Scales 120All authors can be divided into three categories: those who read reviews of their books, those who don’t, and those that do and claim they don’t. It would be fair to say that all authors can also be divided into those that are successful enough to ignore reviews, and, well, all the others (like me).

Let’s start with the second of those ways to divvy up the authorial pool. Unless you’re a truly successful author (by whatever measure you personally find to be relevant), you probably spend at least a few moments a few times a week looking for visible evidence that the reading public is aware that you exist. When day follows day with only negative evidence to be found, such as an ever-declining Amazon rank, the emerging of a new review – any review – becomes something to be yearned for. It shows that someone not only bought your book, but, by God, they actually read it, too!

For my part, finding a new review at Amazon or GoodReads is a bit like discovering an Easter egg after the holiday has come and gone. Yes, it’s always possible you’ll stumble on one, but you really didn’t expect to find one just then, now that your book has been out there for so long.

So far, I’ve been lucky with what reviewers have said, so finding a new review has always been a pleasant experience. No one’s trashed my book yet, although I have on occasion been puzzled by what someone has written (could they have been reading two books at once and confused the plot lines)?  But that’s all just part of the mystery and the risk of placing your precious book out there, for all to see and read – or even misread.

There’s also the sometimes seemingly random association between the numerical rating assigned by the reviewer and the textual review that accompanies it.  A few days ago, Therin Knite provided this tragi-comic summary of almost all the possible scoring variations you might experience (it’s part of a multi-part blog series she calls 80 (Short) Facts About being an Indie Author, and you should check it out).

Every now and then, though, you open your book page at Amazon or GoodReads and not only find a new review, but one posted by someone you never knew existed who not only loved your book, but also picked up on all of the bits that made you smile when you wrote them, and which you hoped might make a reader smile as well. That can really make your day. It can also recharge your writing batteries, providing the incentive to get back to that sequel draft that you somehow haven’t gotten around to working on in a while.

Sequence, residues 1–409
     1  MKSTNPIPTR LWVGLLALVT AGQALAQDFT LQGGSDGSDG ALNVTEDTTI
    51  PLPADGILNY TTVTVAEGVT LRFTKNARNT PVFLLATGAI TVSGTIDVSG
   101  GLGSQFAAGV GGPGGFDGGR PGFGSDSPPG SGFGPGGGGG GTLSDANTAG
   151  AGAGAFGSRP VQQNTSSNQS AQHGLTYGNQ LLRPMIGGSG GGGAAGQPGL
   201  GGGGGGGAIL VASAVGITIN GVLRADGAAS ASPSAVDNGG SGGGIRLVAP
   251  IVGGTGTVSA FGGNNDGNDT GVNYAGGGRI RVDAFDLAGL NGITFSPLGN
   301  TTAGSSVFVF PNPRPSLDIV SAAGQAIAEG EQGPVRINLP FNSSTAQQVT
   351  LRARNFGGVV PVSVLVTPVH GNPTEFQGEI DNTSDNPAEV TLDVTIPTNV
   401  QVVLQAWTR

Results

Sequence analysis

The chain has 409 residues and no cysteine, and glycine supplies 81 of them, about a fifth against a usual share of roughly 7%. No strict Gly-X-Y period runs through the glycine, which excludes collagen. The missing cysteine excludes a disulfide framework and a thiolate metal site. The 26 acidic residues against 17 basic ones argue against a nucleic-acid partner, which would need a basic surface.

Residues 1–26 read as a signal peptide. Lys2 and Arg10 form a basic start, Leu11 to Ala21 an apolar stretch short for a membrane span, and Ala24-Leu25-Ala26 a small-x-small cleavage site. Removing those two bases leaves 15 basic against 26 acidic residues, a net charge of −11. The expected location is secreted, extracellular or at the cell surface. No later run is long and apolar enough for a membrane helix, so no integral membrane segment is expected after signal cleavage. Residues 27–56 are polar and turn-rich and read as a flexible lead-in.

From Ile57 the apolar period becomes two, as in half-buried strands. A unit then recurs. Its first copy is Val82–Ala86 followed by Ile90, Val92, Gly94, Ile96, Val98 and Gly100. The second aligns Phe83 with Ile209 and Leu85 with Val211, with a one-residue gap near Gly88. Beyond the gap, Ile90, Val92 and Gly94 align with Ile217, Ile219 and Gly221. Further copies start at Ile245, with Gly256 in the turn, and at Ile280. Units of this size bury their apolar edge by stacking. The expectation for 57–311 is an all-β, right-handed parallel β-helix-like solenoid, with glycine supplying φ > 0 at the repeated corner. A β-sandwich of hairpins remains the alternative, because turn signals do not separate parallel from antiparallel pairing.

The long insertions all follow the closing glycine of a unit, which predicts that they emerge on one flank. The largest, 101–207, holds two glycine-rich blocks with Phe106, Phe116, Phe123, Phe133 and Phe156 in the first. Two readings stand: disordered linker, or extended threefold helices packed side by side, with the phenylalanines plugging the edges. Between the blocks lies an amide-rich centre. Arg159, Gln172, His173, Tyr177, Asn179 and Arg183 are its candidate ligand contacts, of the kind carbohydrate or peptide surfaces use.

That’s what happened for me yesterday, when I realized that Paul Ruddock, of Echoes of the Pen, had posted just such a review at his blog, as well as on Amazon, and at GoodReads. It begins like this:

Tom Sharpe meets Michael Crichton… What we have here is a real rollercoaster of a thriller, combining home grown and international cyber terrorism, the threat of nuclear war and destruction, and not to mention, some of the funniest and satirical writing it’s been my pleasure to read in a very long time. 

But what really made my day was the effort he put into calling out so many elements of the book, its plot, its characters, and its satire. I found myself nodding my head as he checked off virtually all of the aspects of the book that I was happy with.

So what is there to make of those authors that truly don’t read their reviews? Is it because they’re afraid of what they’ll read? That they don’t care whether readers like their books (uh, then why write them to begin with?)

For my part, I have to believe that deep down, it must make a difference to every author to know that they’ve succeeded in connecting with a reader.

And if you never read your reviews, you’ll never know it.

(Thanks, Paul)

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